Retzloff came out of retirement from Horizon in 2001 to right the ship at Rudi's. A six-month project stretched longer than two years. "The problems were deeper and more pervasive than I thought," he said.

Rudi's closed a brand-new plant in North Liberty, Iowa, that had been financed through $12.2 million from a controversial public-private partnership, TecTerra Food Capital, in which the Farm Bureau has an interest. With TecTerra owning two-thirds of Rudi's, Farm Bureau management realized, "The best way for them to recoup their investment was to become an equity partner," Retzloff said. Recapitalized, under a new ownership structure, with a new board and management, "Rudi's kind of rose out of the flames."

Its marketing now aims at families, selling organic versions of mainstream items like soft white and wheat sandwich breads, hamburger and hot dog buns, as well as artisan breads. Sales at Rudi's jumped 27 percent in 2002, and June 2003 sales are up 50 percent year-over-year, said sales vice president Victoria Smith. Rudi's switched successfully from a third-party distribution model with EarthGrains to directly distributing blast-frozen products to retailers in key organic markets like Los Angeles, Chicago and Austin.

Hain Celestial Foods continued its growth through acquisition June 17, buying Acirca Inc. for an undisclosed sum estimated by analysts at $10 million to $15 million. Melville, N.Y.-based Hain gains a range of certified organic products with $20 million in sales last year, including the former Mountain Sun juice line and Walnut Acres soups, pasta sauces and salsas.

Chief Executive Mark Rodriguez, formerly of Dannon Waters, formed Acirca in 2000 to acquire the 54-year-old Walnut Acres brand. The changes were drastic: Walnut Acres' 1,500-item catalog operation and manufacturing plant in Pennsylvania shut down, its organic farm was sold back to its founding family and all but 20 of its products were discontinued. Acirca bought Mountain Sun, ShariAnn's Soups and Frutti di Bosco and Millina's Finest pasta sauces, and rolled out new products like soup in reheatable jars and applesauce in a tube. To promote them, Acirca spent $2 million on TV, radio and print ads in publications like Gourmet, an insane strategy for products with limited distribution, Van Winkle said.

Too many investors were stirring the broth at Acirca, including media mogul Ted Turner, America Online founder Steve Case and others with no background in the naturals industry. Said Ben James of North Castle Partners, Acirca's lead investor: "We had the wrong business model with the wrong management team."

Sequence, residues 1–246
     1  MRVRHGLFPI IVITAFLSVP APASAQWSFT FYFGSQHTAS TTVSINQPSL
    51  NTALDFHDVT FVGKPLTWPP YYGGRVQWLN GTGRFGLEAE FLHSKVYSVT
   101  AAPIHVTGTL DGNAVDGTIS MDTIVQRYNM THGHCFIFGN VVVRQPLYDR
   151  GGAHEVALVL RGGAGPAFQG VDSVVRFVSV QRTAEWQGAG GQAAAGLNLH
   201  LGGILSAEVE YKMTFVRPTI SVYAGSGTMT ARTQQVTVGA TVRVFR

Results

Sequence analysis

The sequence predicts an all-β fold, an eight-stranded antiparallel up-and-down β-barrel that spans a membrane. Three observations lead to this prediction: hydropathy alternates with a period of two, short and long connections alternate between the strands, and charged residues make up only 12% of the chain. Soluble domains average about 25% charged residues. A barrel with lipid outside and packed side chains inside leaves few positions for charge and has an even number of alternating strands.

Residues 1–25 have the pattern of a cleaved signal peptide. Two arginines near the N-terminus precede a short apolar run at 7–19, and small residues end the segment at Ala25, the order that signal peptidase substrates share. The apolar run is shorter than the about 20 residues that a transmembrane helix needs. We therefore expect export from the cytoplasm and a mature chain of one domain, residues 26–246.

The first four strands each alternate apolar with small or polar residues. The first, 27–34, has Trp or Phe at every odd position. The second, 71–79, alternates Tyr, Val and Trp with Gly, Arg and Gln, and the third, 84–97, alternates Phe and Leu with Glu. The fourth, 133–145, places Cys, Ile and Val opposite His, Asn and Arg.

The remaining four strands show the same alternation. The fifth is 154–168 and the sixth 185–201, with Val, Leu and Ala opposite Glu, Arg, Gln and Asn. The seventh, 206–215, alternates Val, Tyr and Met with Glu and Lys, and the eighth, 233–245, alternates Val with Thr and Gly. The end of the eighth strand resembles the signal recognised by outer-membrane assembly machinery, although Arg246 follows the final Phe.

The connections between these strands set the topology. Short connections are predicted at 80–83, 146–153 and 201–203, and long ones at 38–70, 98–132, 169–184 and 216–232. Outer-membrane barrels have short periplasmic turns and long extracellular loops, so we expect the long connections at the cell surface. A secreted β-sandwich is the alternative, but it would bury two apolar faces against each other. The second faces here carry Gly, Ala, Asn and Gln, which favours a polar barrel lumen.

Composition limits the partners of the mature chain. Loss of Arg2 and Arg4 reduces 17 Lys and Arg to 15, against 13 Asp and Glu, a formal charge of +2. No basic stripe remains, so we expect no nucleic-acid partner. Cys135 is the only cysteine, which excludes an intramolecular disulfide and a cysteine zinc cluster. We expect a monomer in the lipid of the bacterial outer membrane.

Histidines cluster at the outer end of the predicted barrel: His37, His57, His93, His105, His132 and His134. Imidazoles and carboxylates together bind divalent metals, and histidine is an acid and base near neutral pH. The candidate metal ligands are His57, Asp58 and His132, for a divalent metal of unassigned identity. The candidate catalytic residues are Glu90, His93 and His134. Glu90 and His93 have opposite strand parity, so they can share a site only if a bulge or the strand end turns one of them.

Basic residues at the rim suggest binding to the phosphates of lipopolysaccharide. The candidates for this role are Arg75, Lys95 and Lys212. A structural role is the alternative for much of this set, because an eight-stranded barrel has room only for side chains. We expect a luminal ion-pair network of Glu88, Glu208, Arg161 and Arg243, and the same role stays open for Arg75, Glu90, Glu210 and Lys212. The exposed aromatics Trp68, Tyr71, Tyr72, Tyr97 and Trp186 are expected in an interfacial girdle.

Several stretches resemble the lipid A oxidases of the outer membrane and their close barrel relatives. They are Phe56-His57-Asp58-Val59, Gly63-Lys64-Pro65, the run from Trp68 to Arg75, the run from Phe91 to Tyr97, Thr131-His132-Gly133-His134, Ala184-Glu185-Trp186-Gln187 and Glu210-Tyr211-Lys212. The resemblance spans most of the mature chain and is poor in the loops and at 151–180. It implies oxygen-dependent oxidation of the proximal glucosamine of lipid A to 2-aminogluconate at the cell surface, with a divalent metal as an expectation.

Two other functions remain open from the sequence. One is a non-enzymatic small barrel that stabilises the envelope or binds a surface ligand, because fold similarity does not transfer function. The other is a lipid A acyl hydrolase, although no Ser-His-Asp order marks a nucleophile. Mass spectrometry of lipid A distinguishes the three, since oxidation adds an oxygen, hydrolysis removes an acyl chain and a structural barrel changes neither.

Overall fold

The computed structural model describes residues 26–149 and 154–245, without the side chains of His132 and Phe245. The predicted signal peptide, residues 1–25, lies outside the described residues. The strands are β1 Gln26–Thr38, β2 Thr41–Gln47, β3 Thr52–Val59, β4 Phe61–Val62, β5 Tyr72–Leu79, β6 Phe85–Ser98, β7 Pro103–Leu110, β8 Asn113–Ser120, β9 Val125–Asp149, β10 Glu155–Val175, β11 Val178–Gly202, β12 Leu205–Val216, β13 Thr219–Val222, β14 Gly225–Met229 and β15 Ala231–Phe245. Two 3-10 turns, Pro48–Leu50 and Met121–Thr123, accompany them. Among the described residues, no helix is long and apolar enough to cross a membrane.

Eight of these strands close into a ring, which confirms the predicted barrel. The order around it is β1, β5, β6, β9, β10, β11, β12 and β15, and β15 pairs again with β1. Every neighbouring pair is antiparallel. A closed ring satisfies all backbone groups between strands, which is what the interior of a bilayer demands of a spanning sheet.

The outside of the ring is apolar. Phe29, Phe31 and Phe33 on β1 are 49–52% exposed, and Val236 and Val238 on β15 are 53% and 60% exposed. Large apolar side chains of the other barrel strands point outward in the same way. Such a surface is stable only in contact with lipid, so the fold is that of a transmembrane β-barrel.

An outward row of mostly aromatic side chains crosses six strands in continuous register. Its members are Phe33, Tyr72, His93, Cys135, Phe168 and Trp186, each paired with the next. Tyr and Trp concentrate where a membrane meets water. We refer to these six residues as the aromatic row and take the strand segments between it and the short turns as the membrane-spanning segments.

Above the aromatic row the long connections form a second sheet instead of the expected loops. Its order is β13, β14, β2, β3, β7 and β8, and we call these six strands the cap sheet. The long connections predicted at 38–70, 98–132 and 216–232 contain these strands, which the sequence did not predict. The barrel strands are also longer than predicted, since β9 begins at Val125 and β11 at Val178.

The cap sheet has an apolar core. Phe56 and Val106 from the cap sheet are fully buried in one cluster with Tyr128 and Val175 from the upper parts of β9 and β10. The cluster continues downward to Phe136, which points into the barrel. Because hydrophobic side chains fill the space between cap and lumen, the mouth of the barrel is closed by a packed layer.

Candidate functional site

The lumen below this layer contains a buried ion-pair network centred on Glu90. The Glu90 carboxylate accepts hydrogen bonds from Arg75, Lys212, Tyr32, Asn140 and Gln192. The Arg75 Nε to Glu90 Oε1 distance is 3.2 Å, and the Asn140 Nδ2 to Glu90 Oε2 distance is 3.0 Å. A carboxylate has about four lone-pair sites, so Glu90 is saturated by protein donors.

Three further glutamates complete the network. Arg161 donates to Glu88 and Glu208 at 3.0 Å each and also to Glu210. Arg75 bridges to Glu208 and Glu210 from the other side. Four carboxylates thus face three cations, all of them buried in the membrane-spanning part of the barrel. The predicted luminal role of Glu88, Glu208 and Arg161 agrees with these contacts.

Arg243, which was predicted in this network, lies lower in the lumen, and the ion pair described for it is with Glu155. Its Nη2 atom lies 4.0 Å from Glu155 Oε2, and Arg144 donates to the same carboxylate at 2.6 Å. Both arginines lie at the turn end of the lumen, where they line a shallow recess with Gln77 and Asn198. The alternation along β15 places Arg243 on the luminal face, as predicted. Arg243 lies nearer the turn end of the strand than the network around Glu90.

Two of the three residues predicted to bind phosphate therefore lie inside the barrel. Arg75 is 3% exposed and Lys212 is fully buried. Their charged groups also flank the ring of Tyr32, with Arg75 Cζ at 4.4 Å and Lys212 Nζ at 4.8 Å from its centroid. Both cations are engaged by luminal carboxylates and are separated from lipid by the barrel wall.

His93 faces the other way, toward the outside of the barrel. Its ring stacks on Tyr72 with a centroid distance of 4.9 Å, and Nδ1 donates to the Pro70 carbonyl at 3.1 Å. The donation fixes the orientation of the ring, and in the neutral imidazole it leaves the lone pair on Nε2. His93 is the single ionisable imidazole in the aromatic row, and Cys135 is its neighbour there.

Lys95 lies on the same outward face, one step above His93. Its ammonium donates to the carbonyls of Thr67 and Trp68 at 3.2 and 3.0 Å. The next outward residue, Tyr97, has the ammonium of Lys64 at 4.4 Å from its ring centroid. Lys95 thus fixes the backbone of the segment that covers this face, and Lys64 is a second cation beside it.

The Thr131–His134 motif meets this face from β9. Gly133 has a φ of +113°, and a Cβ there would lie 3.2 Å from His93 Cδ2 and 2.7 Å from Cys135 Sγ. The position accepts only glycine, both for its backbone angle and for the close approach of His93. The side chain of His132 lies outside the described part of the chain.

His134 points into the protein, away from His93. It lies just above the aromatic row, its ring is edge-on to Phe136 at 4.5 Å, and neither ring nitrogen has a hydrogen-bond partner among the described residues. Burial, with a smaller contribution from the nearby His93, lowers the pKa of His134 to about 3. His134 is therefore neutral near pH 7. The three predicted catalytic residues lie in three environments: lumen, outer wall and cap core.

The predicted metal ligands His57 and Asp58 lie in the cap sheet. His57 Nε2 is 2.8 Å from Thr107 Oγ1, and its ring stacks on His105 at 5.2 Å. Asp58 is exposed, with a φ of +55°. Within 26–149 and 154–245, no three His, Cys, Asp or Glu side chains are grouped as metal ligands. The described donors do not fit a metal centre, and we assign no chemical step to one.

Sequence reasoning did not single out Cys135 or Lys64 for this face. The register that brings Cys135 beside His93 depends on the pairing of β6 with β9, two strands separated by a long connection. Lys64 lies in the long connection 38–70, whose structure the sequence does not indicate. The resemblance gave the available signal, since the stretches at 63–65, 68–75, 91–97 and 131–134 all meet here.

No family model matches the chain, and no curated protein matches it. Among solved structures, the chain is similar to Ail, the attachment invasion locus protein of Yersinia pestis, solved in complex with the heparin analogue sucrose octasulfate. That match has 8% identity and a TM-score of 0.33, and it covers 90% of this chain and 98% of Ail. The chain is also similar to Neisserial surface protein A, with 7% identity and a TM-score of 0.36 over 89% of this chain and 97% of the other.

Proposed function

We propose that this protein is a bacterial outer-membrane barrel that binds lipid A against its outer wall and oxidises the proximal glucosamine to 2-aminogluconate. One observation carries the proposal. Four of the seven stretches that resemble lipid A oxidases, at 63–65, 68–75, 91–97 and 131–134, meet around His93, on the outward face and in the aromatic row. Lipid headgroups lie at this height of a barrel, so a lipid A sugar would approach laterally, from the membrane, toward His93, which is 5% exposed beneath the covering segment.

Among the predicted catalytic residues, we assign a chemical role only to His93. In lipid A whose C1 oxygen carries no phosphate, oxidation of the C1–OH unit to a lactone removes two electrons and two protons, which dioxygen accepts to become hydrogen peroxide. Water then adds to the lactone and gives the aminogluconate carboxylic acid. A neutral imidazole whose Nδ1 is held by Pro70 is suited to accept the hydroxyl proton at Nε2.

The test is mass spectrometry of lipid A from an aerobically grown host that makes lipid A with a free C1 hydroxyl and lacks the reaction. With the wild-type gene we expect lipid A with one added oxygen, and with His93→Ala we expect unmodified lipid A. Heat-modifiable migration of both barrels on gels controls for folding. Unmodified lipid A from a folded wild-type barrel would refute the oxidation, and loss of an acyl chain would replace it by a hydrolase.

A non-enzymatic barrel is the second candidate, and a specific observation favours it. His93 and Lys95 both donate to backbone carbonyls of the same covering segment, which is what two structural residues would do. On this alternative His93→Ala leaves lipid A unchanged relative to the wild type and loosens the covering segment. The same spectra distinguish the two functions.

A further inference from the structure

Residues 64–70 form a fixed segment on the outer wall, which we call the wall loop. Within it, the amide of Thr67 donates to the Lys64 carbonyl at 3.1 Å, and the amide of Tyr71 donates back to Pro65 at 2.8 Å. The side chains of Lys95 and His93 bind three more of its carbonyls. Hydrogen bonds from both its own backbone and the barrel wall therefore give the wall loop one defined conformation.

Rexall Sundown
Royal Numico paid for its foray into the U.S. nutritional business. It sold Boca Raton, Fla.-based Rexall June 10 to NBTY for $250 million, just a year after it bought it for $1.8 billion. NBTY, based in New York, has had dealings with the Dutch company before; it paid $12 million to Numico in March for its General Nutrition Centers in the United Kingdom and Germany.

Nevertheless, the Rexall deal "surprised a lot of people," Turpin said. Consensus estimates of the sale price had hovered between $300 million and $400 million—and even that was "quite a markdown."

Rexall Sundown, which had sales in 2002 of $455 million, owns several big-name brands, including MET-Rx and CarbSolutions. "Put in more capable hands, more could be done with it," Turpin thinks. And Chase believes NBTY is more than capable. "They had a lot of critics, but they're a great value buyer," he said.

Observers expected NBTY to follow its purchase of the European GNC holding company by buying GNC's Pittsburgh parent and its 5,000 U.S. stores. But that deal never gelled. Numico Chief Executive Jan Bennink said July 7 that GNC would be given a year to improve results, but Numico is still accepting bids for GNC, while signaling investors that this will not be a fire sale. "There's not that sense of urgency," said Van Winkle. "They're going to get a better price for GNC," he said, putting his estimate in the $700 million to $1 billion range.

Natural Foods Merchandiser volume XXIV/number 8/p. 1, 7

Hide comments


  • Allowed HTML tags: <em> <strong> <blockquote> <br> <p>

Plain text

  • No HTML tags allowed.
  • Web page addresses and e-mail addresses turn into links automatically.
  • Lines and paragraphs break automatically.